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Little vermilion flycatcher with juveniles © Agustín Gutiérrez / CDF
20/09/2022 Invasive species Island restoration

Restoring Floreana: A local perspective

Our Senior Philanthropy Manager, Kelly Hague, saw first-hand the fantastic impact that the Restoring Floreana project is going to have for the people and wildlife that call the island their home.

Kelly Hague

Senior Philanthropy Manager

I am standing in a field on Floreana island, damp mist swirling around and the daylight quickly disappearing, as I photograph a bearded man in his new cow shedA busload of people is waiting for me, wondering why I said I quickly needed photographs before it got dark and would explain laterI am so excited to be here with this man. I would never have imagined that this would be one of the highlights of my first trip to Galapagos! 

Claudio Cruz standing next to his cow shed on Floreana
Claudio Cruz standing next to his cow shed on Floreana © Kelly Hague

Claudio Cruz explains how the Restoring Floreana project has paid to build this new shedHe has put some of his own money into it as well to make it biggerThis empty, lifeless structure embodies his hopes of a better future.

Claudio is not ‘just’ a farmer. He represents many people, on Floreana, in Galapagos and living far from this island, who have been tirelessly plotting, planning, and working to reverse the terrible destruction that has been causing havoc to Floreana for many, many years. And one of the main driving forces behind the original idea was Claudio’s brother, Felipe Cruz.

From the 1980s until his sad death in 2018,  Floreana-born Felipe became a driving force for conservation in Galapagos, inspiring many who met himDistressed at the demise of local wildlife by goats, pigs, donkeys, rats and cats which had all been brought to Floreana by humans, he witnessed them devouring the eggs and young of birds, snakes and turtles, eating seeds and plants found nowhere else, destroying habitat and trampling nestsTwelve species have now become extinct from this one island, with another 55 highly threatened.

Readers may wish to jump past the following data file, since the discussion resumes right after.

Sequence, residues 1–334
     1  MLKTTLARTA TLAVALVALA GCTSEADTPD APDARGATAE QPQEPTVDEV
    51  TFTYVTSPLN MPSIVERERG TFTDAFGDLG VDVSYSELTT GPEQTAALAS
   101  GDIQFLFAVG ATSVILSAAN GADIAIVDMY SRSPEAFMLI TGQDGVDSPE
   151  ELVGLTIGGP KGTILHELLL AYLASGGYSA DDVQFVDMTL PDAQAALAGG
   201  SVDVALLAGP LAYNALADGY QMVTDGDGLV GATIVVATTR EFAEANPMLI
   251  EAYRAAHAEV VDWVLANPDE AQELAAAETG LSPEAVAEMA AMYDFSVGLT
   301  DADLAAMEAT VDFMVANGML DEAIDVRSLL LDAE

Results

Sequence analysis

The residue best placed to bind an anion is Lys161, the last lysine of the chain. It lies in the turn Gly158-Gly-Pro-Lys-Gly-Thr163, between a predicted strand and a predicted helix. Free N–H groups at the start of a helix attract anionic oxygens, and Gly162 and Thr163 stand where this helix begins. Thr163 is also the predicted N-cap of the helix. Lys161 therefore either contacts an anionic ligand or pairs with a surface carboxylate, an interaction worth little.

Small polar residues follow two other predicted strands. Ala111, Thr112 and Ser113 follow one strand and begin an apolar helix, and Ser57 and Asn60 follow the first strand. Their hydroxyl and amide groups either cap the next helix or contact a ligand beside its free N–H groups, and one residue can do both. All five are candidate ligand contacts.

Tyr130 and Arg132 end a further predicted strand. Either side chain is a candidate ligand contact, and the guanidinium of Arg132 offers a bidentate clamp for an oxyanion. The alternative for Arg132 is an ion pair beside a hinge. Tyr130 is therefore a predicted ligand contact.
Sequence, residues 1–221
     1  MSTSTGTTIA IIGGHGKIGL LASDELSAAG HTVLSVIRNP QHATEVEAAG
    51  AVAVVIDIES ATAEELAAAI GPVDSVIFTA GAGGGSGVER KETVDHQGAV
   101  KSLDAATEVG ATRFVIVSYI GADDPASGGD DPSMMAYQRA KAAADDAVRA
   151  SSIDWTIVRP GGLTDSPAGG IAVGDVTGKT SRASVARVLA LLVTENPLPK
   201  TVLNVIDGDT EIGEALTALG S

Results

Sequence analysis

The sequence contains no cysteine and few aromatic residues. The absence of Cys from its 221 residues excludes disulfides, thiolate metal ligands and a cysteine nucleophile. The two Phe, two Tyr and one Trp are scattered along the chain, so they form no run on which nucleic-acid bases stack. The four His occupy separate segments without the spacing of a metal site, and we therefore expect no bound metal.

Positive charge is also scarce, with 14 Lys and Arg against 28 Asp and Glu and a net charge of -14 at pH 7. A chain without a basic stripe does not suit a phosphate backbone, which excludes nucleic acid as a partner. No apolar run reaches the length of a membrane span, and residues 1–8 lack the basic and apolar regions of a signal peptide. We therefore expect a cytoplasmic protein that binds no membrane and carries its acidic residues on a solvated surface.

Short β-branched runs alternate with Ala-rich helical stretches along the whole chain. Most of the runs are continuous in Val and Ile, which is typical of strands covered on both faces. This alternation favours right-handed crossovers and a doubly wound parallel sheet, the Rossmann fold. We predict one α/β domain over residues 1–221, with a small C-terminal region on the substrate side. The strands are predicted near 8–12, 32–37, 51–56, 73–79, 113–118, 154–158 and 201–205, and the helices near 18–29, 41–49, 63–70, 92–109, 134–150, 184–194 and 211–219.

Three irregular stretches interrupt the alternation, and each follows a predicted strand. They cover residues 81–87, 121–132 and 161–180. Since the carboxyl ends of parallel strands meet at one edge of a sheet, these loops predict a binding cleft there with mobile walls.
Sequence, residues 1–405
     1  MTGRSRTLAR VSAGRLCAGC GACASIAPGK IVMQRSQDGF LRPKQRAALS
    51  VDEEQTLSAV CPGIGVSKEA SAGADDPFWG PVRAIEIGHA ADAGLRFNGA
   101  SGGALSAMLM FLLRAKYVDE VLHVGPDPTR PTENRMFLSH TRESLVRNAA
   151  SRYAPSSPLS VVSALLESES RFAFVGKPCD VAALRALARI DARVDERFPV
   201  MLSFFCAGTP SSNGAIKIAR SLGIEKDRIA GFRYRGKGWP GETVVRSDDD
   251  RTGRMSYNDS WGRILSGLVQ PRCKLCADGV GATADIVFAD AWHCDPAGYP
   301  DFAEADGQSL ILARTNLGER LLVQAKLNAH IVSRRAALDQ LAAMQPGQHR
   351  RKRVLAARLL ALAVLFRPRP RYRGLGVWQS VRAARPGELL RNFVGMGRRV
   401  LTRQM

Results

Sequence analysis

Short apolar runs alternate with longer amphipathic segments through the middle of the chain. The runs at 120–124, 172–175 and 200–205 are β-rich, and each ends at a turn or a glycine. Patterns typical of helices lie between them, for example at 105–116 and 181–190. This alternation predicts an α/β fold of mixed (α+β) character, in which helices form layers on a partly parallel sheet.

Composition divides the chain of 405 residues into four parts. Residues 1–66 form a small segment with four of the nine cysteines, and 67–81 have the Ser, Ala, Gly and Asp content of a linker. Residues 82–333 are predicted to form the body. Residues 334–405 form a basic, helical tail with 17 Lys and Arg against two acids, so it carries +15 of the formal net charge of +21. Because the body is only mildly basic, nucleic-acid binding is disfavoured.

Sir David Attenborough and Felipe Cruz in 2009
Sir David Attenborough and Felipe Cruz in 2009 © Richard Lewisohn
Floreana highlands, Galapagos

Restoring Floreana

Once home to some of the most iconic wildlife in Galapagos, Floreana has been devastated by invasive species. We are supporting a hugely ambitious project to restore the island to its former glory

Find out more

I finish taking my photographs and we climb into the truck. As we drive back down to the small town, Claudio reminisces. “As a child we used to ride down this road, then a dirt track, on a donkey and have competitions to see who could spot the most vermilion flycatchers on the way – I may see 20, my brother or whoever was with me, perhaps 21. I have nice memories of watching vermilions hunting up and down.” Sadly, this beautiful red bird is now extinct from Floreana, but the project team is looking at the feasibility of reintroducing it, along with the other 11 locally extinct species, once the rats and cats are gone.